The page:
In other words, the declaration of non-liability that is sought is nothing more or less than a claim for declaratory relief as to non-liability for a debt. Whether or not the applicant is liable for the debt depends on the application of the statute and whether the statutory conditions under section 111C(3) and subsection (6) that create that liability are met, but does not depend on any administrative decision reviewable on an application in this Court for judicial review of an administrative decision.
Accordingly, the application for relief in paragraph 2 must be refused.
Paragraph 3 of the application seeks a declaration, presumably on a similar basis as paragraph 2, that the decisions made by the Commission were invalid. Paragraph 3 does not identify any decisions but is not confined to the decision to issue the notices of potential debt as is paragraph 2. However, assistance may be sought in paragraph 5 of the application. It identifies relevant decisions as follows:
- (a)the decisions to accept the claims (of relevant homeowners) in relation to the three relevant properties;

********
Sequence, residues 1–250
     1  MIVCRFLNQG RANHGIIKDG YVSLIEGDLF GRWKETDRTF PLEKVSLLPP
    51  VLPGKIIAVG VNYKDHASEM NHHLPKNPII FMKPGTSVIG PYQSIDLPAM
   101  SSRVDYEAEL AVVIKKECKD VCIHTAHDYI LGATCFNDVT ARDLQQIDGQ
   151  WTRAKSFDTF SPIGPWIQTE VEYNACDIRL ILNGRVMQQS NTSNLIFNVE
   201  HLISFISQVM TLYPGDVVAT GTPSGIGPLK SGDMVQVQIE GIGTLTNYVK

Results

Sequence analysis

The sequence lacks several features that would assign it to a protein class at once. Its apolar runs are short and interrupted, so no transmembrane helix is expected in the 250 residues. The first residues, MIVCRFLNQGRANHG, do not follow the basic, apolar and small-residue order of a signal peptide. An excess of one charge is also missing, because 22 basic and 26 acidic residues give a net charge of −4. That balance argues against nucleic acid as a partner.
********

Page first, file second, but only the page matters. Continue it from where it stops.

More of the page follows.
- (b)the decisions to issue a notice to rectify any defects for the properties;
- (c)the decisions to issue a scope of works; and
- (d)the decisions to make payments on the claims.
I will treat that identification as applying to paragraphs 3 and 4 as well as paragraph 5.
For the purposes of deciding the relief claimed in paragraph 3 of the application, it is, however, necessary to identify the relevant decisions to accept and pay relevant claims under the QBCCA with more precision. For a reason that is not explained, the applicant has not done so. However, it is convenient to do so in the context of the applicant’s submissions that those decisions should be reviewed under section 20 of the JRA.